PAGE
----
Five Books About…

Five Books About Unconventional Pirates

Masted ships. The salty tang as a wide blue wave crashes onto a sandy shore. Sweaty, drunk defected sailors hiccupping through bawdy chanties. The pop and snap of a Jolly Roger flag.

Pirates, amiright?

The imagery around these figures (in fiction and nonfiction) evokes vivid tales of buried treasure, running from the Crown, and banding together in a fellowship of scoundrels. No wonder so many novels have leapt off the starboard railing and cannonballed into the endless indigo waters of pirate stories.

But what about the books that turn piracy inside out? The ones that plunk tightly-knit brigands into outer space or chuck scrappy rebels into dystopic high seas?

In my latest book, These Rebel Waves, dozens of rivers divide the fictional island of Grace Loray—rivers that contain much desired botanical magic. With the most valuable objects in the world nestled in riverbeds, the pirates in These Rebel Waves—known as stream raiders—take to steamboats to better help them navigate the narrow waterways. But they are pirates in their rebellion from traditional government, in their unity and pride in being outlaws; they are coldhearted and merciless, enacting their own justice and bowing to no one.

Pirates need not be limited to the island-dotted Caribbean or the richest ports throughout the historic world—some don’t even need to be limited by time at all.

 

Pacifica by Kristen Simmons

Climate change has altered the face of the world as we know it, flooding most of the land and warping the weather itself. Humanity struggles to divvy out the remaining resources, with many sections of society ostracized and all-out forgotten. Enter the corsarios—pirates who scrounge through the garbage-clogged seas, picking valuables out of the scraps and holding their outlaw community together with grit and determination. Simmons’ pirates are as brutal as their pull-no-punches world. If you aren’t big into recycling, Pacifica will change your mind—unless you think you have what it takes to be a scrappy (literally) dystopic trash pirate.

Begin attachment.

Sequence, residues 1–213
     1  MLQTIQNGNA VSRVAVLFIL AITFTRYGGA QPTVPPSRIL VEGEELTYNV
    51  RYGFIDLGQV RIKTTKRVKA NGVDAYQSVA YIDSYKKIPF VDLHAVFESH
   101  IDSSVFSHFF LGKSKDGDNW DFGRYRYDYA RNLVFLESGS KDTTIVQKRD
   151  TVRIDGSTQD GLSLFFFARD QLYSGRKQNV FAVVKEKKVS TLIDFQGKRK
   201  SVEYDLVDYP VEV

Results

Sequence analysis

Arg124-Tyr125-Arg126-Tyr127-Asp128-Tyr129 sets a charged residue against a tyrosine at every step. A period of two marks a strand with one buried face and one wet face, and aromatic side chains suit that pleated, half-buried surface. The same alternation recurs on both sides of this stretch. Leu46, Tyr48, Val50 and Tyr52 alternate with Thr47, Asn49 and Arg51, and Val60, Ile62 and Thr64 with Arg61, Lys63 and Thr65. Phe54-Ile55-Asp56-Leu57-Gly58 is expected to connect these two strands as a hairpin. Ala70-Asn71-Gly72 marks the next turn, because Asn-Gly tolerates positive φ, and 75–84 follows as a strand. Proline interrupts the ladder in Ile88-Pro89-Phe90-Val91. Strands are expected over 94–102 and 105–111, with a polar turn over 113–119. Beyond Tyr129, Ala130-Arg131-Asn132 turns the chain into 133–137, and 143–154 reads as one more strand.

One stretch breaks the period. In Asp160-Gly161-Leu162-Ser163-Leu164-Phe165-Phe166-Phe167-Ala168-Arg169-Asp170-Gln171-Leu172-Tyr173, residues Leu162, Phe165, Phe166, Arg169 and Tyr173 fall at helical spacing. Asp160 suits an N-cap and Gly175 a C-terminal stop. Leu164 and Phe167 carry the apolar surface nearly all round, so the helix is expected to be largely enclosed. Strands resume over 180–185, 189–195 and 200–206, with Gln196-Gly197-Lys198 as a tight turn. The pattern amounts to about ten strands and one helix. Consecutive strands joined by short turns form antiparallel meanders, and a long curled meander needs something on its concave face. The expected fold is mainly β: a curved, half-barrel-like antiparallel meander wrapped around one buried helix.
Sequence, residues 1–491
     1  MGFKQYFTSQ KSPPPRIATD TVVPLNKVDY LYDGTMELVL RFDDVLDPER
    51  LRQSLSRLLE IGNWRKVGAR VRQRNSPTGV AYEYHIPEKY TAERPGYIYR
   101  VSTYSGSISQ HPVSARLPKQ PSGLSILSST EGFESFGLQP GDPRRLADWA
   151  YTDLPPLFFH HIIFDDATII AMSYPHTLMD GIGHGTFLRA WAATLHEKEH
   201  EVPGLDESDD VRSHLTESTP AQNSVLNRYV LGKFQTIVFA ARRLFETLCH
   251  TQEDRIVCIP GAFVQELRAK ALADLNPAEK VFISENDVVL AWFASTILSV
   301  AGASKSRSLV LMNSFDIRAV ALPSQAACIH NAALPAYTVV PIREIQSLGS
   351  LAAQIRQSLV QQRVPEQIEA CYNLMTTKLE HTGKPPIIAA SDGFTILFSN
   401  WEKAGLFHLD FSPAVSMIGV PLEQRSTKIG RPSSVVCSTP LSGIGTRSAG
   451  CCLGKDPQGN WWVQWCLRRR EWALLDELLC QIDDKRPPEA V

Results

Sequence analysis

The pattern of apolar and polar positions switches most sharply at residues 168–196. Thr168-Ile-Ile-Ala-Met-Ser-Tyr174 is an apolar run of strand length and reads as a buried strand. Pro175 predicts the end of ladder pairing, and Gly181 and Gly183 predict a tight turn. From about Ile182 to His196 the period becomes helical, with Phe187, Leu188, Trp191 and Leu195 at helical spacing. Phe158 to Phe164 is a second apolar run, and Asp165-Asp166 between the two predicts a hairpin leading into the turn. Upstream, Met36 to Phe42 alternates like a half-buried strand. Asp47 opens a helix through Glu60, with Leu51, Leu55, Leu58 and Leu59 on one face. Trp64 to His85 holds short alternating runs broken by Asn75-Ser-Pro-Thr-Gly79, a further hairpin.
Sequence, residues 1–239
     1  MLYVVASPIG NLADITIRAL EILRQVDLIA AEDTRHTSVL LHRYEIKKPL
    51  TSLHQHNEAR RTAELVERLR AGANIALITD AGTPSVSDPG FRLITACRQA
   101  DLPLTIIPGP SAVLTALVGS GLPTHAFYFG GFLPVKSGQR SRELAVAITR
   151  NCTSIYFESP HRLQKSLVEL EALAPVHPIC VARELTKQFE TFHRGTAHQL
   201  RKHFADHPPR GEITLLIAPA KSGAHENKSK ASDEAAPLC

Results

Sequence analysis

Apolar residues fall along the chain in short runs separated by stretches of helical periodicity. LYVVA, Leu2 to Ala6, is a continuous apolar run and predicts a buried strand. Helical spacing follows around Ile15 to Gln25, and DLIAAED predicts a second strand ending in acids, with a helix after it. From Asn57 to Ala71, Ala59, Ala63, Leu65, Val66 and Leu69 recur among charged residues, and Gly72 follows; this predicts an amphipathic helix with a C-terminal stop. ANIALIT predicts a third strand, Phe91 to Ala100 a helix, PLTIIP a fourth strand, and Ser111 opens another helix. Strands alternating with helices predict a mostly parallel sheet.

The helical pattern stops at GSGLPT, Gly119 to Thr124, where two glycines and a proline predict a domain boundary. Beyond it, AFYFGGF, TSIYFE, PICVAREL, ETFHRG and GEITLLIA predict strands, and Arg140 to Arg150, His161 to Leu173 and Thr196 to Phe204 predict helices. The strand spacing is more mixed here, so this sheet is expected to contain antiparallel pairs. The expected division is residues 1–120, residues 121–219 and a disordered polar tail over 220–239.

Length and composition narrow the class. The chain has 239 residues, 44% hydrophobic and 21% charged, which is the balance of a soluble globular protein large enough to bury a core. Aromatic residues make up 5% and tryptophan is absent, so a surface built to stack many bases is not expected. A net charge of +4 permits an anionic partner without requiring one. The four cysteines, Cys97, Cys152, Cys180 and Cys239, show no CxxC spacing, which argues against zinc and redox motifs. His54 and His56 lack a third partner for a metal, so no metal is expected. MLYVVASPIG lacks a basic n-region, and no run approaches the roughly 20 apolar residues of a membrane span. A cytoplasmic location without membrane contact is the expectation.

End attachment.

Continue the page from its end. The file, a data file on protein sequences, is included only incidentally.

The Girl From Everywhere by Heidi Heilig

Nix, the main character in Heilig’s The Girl From Everywhere, isn’t bound by silly things like the laws of time and space. Her father’s ship can cross to any location—historical or not—so long as they have a map to follow. Let me summarize: time. traveling. pirates. What could go wrong? (Hint: everything, in a spectacular cacophony of history and present, timelines and regret.)

 

Leviathan by Scott Westerfeld

Okay, okay, the characters in Westerfeld’s Leviathan trilogy don’t call themselves pirates, but as the series unfurls, these characters deviate from the standard law-abiding path—which, in my opinion, gives them unofficial status as Pirates. This historical reimagining of World War I throws advanced steampunk technology in with—brace for impact—genetically engineered “beasties” used as living zeppelins. Flying steampunk pirates with terrifying beasties at their beck and call? Yes, it is as delicious as it sounds!

 

The Abyss Surrounds Us by Emily Skrutskie

Keeping with the theme of pirates and vicious beasts, may I submit for consideration the Reckoners in Skrutskie’s The Abyss Surrounds Us. Reckoners train genetically enhanced sea-beasts to protect ships from pirates and—wait, protect ships from pirates? How are Reckoners considered pirates, then? Well, you’ll have to read this story of monster-training pirates to find out!

 

Heart of Iron by Ashley Poston

No list of unconventional pirates is complete without everyone’s favorite trope: SPACE PIRATES. Poston’s Heart of Iron is the heart-racing, planet-jumping rip through outlaw-infested space you’ve been looking for—and it’s a retelling of Anastasia to top it off. A lost princess, a snarky pilot, characters more family than crew, and enough chases through the sky, land, and stars to get your blood churning like the stormy seas.

 

Sara Raasch has known she was destined for bookish things since the age of five, when her friends had a lemonade stand and she tagged along to sell her hand-drawn picture books too. Not much has changed since then: her friends still cock concerned eyebrows when she attempts to draw things, and her enthusiasm for the written word still drives her to extreme measures. She is the New York Times bestselling author of the Snow Like Ashes series. These Rebel Waves kicks off a new fantasy series—available August 7th from Balzer + Bray. You can visit her online at Tumblr and @seesarawrite on Twitter.

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